Research ArticleCancer

Development of combination therapies to maximize the impact of KRAS-G12C inhibitors in lung cancer

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Science Translational Medicine  18 Sep 2019:
Vol. 11, Issue 510, eaaw7999
DOI: 10.1126/scitranslmed.aaw7999

Cutting off tumors’ escape routes

Cancer-driving mutations in the KRAS oncogene are common in many cancer types, including lung cancer. The combination of inhibitors for the kinases MEK and IGF1R is effective in KRAS-mutant lung cancer, but some cancer cells can still survive this treatment. Molina-Arcas et al. used an shRNA screening approach to identify another category of drugs that can be added to the therapeutic regimen to enhance its effectiveness. The authors then substituted an inhibitor of mutant KRAS to replace the MEK inhibitor in the combination to decrease treatment toxicity. The resulting triple-drug combination showed promising results in mouse models, with improved efficacy and tolerability.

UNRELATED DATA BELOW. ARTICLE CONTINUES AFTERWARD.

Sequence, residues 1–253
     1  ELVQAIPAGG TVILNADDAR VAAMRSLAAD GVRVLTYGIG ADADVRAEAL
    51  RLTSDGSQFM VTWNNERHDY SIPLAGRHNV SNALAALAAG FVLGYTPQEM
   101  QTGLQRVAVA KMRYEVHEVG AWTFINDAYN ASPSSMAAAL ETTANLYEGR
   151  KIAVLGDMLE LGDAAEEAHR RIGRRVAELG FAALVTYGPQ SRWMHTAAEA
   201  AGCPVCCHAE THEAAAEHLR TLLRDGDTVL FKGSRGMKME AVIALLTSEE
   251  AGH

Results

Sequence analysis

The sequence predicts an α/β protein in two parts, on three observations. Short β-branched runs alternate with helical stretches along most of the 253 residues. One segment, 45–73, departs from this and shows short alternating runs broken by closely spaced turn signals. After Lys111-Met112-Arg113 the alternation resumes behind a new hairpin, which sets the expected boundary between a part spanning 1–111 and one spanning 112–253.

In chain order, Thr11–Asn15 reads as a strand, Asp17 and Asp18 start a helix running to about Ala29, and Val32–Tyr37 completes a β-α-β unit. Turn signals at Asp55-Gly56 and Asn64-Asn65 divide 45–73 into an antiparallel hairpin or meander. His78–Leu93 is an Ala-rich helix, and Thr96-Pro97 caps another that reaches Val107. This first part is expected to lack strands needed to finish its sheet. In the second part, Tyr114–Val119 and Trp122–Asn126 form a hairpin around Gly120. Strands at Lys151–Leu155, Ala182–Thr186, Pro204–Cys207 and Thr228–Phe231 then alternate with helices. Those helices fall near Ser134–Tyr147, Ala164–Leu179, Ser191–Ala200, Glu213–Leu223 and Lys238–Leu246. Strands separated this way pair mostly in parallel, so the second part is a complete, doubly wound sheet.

KRAS represents an excellent therapeutic target in lung cancer, the most commonly mutated form of which can now be blocked using KRAS-G12C mutant-specific inhibitory trial drugs. Lung adenocarcinoma cells harboring KRAS mutations have been shown previously to be selectively sensitive to inhibition of mitogen-activated protein kinase kinase (MEK) and insulin-like growth factor 1 receptor (IGF1R) signaling. Here, we show that this effect is markedly enhanced by simultaneous inhibition of mammalian target of rapamycin (mTOR) while maintaining selectivity for the KRAS-mutant genotype. Combined mTOR, IGF1R, and MEK inhibition inhibits the principal signaling pathways required for the survival of KRAS-mutant cells and produces marked tumor regression in three different KRAS-driven lung cancer mouse models. Replacing the MEK inhibitor with the mutant-specific KRAS-G12C inhibitor ARS-1620 in these combinations is associated with greater efficacy, specificity, and tolerability. Adding mTOR and IGF1R inhibitors to ARS-1620 greatly improves its effectiveness on KRAS-G12C mutant lung cancer cells in vitro and in mouse models. This provides a rationale for the design of combination treatments to enhance the impact of the KRAS-G12C inhibitors, which are now entering clinical trials.

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